What baking my own bread has taught me about necessity.
My husband and I make our own bread, not for any particular reason except it is a fun thing to do and right after we got married we were going grocery shopping and I mentioned that we needed bread. Joel said, “oh well I’ll just make bread.”
We haven’t bought bread since. We could buy bread, but it’s more fun to make it. When I mentioned to a friend that we make our own bread she said, “oh like in a breadmaker?” No, like actually kneading it, letting it rise, and baking it in the oven in an old-fashioned bread pan.
I never really would have thought about baking my own bread. Growing up, my family mostly bought bread, there were times when my mother would make homemade bread in a breadmaker and I sort of assumed that bread was tricky to make.
My reasoning was, “man if they have whole machines devoted to bread making than it must be complicated.” Then Joel waltzes into our kitchen and just whips up a delicious batch of homemade bread and made it look like no big deal.
My relationship to kitchen utensils was shattered. The dichotomy of the relationship rested on the necessity of the utensils. But in hindsight, people have been grinding their wheat, and baking their own bread for thousands of years and I’m pretty sure Williams Sonoma wasn’t selling cavemen bread machines.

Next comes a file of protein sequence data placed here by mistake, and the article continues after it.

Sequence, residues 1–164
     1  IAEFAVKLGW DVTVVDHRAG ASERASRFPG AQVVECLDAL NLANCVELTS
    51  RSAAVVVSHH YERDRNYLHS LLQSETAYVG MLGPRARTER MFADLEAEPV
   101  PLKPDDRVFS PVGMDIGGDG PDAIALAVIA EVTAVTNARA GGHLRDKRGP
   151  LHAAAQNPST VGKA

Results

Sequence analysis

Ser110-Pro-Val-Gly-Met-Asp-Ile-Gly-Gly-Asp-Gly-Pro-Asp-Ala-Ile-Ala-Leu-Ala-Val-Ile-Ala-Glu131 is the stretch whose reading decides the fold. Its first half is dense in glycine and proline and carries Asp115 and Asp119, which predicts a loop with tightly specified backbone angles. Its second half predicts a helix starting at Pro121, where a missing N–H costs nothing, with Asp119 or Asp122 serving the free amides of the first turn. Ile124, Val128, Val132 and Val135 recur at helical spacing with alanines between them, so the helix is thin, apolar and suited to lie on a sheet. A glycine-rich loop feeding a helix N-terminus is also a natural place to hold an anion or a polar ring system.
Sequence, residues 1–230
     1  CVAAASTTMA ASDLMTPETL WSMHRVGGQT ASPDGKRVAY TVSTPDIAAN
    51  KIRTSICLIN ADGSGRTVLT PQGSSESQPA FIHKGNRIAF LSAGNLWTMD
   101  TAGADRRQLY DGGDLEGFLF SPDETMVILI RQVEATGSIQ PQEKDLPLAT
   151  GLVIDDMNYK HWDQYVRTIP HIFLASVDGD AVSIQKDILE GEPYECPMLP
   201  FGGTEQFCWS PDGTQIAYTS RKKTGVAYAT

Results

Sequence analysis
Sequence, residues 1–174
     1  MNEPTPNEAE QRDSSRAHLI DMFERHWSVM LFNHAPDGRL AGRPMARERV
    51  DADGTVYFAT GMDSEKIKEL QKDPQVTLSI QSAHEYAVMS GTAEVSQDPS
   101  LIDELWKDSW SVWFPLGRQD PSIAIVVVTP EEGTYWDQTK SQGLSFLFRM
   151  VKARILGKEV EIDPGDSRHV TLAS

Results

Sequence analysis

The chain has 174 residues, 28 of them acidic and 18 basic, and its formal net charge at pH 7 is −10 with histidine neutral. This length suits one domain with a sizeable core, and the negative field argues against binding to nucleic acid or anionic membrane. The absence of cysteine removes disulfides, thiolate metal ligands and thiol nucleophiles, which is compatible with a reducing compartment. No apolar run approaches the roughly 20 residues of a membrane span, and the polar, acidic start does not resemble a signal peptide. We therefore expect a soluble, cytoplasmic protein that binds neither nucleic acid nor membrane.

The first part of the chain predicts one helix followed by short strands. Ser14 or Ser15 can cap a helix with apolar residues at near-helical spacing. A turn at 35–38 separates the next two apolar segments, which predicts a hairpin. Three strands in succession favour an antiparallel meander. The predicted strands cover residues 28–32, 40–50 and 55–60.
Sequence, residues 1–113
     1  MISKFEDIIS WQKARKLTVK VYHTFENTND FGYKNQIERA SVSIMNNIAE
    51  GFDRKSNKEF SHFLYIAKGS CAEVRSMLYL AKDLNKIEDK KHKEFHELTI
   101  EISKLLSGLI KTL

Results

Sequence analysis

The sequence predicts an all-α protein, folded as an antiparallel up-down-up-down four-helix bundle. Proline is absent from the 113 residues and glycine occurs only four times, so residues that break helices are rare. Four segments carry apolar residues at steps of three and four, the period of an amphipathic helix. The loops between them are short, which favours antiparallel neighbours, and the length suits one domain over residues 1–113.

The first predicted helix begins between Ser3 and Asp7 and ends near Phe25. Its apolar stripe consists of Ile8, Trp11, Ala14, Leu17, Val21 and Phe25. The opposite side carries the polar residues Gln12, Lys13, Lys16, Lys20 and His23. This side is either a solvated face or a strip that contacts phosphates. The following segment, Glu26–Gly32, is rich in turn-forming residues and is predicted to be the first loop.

So what is necessary? Probably not half of my kitchen utensils, probably not having more clothes than I can count, probably not having a shoe for every occasion, clearly bread machines aren’t a necessity, and when it comes down to it, bread is probably not a necessity (better off eating veggies anyway).
I’m not saying it is bad to enjoy tools that make your life easier, or that we shouldn’t enjoying having a variety of clothes, or eat bread. I think those are good things in moderation (especially the bread eating :P). I just got a change of perspective when I learned you didn’t need a bread machine to make bread. It caused me to think about what other tools and objects, in my life I take for granted and assume they are necessities. When it comes down to it, we don’t need much to live, a little food, water, sleep, love, and life purpose is about all we need.
I’m learning to reorient myself toward a life of less consumption. Reanalyzing what is a necessity and asking myself the question, “do I really need this? And what is the point of me buying that, or eating this?”
Questioning the purpose behind my habits is hard because sometimes it reveals gluttony, self-indulgence, and sin and all because I realized I didn’t need a bread machine to make bread. Thanks a lot bread machine for the revelations and totally making me overthink bread.